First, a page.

Bitcoin miners

Bitcoin-mining companies, including Riot Blockchain Inc.

and Marathon Digital Holdings
are fully exposed to cryptocurrencies, as their businesses involve “finding and securing cheap and hopefully renewable power, buying lots of the best bitcoin mining rigs available, and keeping them cool,” notes D.A. Davidson analyst Chris Brendler.

Don’t miss: Bitcoin miners struggle with crypto’s price decline, rising energy costs and increase in mining difficulty.

Marathon Digital classifies all its revenue as mining-related, while Riot breaks out smaller portions that are from hosting and engineering. Other mining stocks include Core Scientific Inc.

and CleanSpark Inc.

While some bitcoin mining companies began that way, others pivoted as cryptocurrencies turned trendy. Riot was once a tiny animal healthcare company, and Marathon was once a patent business.

When bitcoin prices were surging last fall, the companies could see gross margins above 90%, Brendler said, but now their gross markets are down to 60%. “They’re still very profitable, but the market is worried that bitcoin could go lower,” he told MarketWatch.

The biggest problem for the mining names, in his view, is that they’re very capital intensive. That’s partly because the companies need to keep spending in order to keep their market share, but also because they like to hold bitcoin that they mine so that investors have more direct exposure to the price of bitcoin through their stocks, Brendler continued. But the equity markets have turned negative for bitcoin miners, and the lending markets have also soured, making it so “the best miners with the best balance sheets” are best positioned to survive, he said.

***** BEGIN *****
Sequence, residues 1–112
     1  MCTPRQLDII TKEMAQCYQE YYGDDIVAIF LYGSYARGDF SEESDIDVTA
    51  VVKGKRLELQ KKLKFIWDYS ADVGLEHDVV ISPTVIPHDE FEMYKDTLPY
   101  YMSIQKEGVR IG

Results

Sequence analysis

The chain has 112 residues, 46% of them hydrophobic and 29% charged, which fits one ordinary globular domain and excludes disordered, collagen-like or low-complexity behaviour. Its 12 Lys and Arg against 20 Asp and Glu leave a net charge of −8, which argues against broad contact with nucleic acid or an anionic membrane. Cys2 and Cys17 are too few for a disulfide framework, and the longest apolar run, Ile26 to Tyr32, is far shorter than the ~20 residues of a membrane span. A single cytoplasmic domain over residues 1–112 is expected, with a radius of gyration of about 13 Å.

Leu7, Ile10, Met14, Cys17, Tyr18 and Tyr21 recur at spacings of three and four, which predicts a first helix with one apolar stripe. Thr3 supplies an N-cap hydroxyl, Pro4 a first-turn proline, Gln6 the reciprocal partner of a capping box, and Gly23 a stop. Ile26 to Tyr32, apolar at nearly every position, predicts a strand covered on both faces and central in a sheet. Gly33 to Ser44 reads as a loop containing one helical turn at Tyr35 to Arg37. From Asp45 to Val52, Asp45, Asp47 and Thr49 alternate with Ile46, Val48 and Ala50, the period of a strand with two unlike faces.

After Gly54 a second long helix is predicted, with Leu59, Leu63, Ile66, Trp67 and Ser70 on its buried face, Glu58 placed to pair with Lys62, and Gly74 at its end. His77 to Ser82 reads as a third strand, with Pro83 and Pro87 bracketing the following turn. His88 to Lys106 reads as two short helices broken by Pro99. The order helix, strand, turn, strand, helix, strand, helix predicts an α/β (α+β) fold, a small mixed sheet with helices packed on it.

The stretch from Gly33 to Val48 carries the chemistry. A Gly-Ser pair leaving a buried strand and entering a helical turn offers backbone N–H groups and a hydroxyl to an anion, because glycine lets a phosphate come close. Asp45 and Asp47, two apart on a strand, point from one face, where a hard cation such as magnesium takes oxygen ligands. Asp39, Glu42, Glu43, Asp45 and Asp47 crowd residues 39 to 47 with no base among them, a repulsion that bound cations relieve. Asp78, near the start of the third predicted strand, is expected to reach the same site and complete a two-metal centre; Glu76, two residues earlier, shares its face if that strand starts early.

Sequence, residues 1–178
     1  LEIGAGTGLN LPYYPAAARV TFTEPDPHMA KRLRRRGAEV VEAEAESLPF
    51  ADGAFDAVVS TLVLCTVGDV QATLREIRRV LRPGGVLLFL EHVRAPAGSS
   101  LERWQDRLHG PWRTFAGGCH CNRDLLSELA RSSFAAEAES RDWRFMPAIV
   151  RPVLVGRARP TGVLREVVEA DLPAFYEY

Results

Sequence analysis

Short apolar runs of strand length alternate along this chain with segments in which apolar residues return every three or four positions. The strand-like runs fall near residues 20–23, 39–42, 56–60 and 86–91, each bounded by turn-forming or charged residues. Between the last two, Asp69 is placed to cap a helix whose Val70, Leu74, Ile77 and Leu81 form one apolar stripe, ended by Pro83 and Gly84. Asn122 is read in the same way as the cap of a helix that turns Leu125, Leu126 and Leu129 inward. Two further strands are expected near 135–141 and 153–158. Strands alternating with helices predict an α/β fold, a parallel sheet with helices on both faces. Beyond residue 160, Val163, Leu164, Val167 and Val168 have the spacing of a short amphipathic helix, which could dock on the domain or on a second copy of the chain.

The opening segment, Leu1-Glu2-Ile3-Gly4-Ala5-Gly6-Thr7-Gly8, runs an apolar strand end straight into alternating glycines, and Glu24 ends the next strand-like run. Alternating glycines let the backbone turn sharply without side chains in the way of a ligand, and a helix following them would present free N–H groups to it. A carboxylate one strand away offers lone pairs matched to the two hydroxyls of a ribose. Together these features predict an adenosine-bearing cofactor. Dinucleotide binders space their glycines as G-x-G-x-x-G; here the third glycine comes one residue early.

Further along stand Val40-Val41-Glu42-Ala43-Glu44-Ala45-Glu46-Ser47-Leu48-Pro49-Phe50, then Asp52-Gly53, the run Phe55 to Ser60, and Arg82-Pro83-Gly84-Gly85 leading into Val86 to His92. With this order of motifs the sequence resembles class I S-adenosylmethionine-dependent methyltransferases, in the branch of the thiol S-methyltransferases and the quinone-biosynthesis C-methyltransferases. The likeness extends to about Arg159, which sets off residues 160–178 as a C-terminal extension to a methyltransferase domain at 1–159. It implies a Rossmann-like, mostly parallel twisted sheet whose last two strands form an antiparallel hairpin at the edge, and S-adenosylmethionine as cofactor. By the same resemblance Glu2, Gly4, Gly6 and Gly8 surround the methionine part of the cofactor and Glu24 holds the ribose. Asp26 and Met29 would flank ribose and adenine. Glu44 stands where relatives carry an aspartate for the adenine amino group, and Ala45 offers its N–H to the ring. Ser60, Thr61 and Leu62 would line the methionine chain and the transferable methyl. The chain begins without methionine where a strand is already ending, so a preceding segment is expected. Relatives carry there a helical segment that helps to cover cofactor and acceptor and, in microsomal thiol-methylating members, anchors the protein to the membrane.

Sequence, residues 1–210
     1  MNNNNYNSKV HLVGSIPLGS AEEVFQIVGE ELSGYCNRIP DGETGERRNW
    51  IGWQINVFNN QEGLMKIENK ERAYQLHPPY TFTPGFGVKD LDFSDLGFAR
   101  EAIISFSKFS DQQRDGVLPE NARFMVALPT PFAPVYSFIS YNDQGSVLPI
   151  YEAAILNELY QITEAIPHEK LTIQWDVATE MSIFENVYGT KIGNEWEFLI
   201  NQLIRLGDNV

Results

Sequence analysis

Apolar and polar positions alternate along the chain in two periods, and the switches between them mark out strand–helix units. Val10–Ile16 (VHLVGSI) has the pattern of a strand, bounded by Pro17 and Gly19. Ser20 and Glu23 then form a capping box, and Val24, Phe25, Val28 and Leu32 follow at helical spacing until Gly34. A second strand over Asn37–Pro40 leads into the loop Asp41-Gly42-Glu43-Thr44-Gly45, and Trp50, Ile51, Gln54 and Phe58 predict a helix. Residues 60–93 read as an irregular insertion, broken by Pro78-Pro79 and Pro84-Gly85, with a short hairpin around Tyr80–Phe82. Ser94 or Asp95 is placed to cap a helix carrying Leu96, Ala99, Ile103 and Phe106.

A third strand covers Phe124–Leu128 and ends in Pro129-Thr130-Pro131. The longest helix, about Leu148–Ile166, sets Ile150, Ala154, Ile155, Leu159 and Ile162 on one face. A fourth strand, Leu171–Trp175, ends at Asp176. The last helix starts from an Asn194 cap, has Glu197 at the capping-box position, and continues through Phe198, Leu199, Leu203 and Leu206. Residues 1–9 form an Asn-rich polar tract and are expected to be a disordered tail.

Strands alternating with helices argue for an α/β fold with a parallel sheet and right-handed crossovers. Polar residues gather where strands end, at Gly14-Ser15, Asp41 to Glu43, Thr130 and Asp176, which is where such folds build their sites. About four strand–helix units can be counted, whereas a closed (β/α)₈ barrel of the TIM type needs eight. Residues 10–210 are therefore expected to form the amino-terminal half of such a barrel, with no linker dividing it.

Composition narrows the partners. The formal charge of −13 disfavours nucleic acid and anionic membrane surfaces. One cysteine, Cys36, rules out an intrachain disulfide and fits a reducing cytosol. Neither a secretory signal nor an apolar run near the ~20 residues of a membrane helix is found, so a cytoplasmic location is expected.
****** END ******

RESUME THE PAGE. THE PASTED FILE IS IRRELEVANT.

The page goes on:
Coinbase Global Inc.

is all about cryptocurrency, as it generates nearly 90% of its revenue from transactions and the rest from various subscription and services efforts. The company generated $1.2 billion in transaction revenue in the first quarter, down 56% from the fourth quarter. Subscription and services revenue, including from blockchain rewards and custodial fees, declined 20% in aggregate.

See also: Coinbase sees crypto trading fall off

“It’s super correlated and that’s what most people don’t understand,” Mizuho’s Dolev said. “People thought this was something they could do outside crypto but it ends up being the same.”

FIS, Mastercard, and Visa

Older-line payments companies Visa Inc.
Mastercard Inc.
and Fidelity National Information Services Inc.

have even less exposure to the crypto world than a company like Block, according to analysts.

Baird’s David Koning notes that Visa saw $3.5 billion in payment volume last fiscal year related to crypto-linked card programs, which let people link their crypto wallets to their Visa credentials for spending purposes. That represented about 0.03% of the company’s total volume, he wrote. “Visa also likely has a modest amount of services related to cryptocurrencies,” Koning noted.

Visa declined to comment further on its crypto exposure.

Mastercard probably has similar exposure, Baird’s Koning added, and crypto likely represents “well less than 1% of total revenue” for both companies.

A Mastercard spokesperson said the company couldn’t comment on the estimate as Mastercard doesn’t report that figure.